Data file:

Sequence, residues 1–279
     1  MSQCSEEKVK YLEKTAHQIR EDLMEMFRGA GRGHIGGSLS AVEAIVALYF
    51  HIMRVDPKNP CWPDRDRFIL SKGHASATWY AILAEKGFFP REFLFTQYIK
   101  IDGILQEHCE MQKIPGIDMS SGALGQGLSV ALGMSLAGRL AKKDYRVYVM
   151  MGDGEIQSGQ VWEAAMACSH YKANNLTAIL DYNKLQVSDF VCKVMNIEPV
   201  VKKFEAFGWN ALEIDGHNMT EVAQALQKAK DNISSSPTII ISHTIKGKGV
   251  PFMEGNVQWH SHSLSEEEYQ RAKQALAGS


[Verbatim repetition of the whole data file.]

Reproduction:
Sequence, residues 1–279
     1  MSQCSEEKVK YLEKTAHQIR EDLMEMFRGA GRGHIGGSLS AVEAIVALYF
    51  HIMRVDPKNP CWPDRDRFIL SKGHASATWY AILAEKGFFP REFLFTQYIK
   101  IDGILQEHCE MQKIPGIDMS SGALGQGLSV ALGMSLAGRL AKKDYRVYVM
   151  MGDGEIQSGQ VWEAAMACSH YKANNLTAIL DYNKLQVSDF VCKVMNIEPV
   201  VKKFEAFGWN ALEIDGHNMT EVAQALQKAK DNISSSPTII ISHTIKGKGV
   251  PFMEGNVQWH SHSLSEEEYQ RAKQALAGS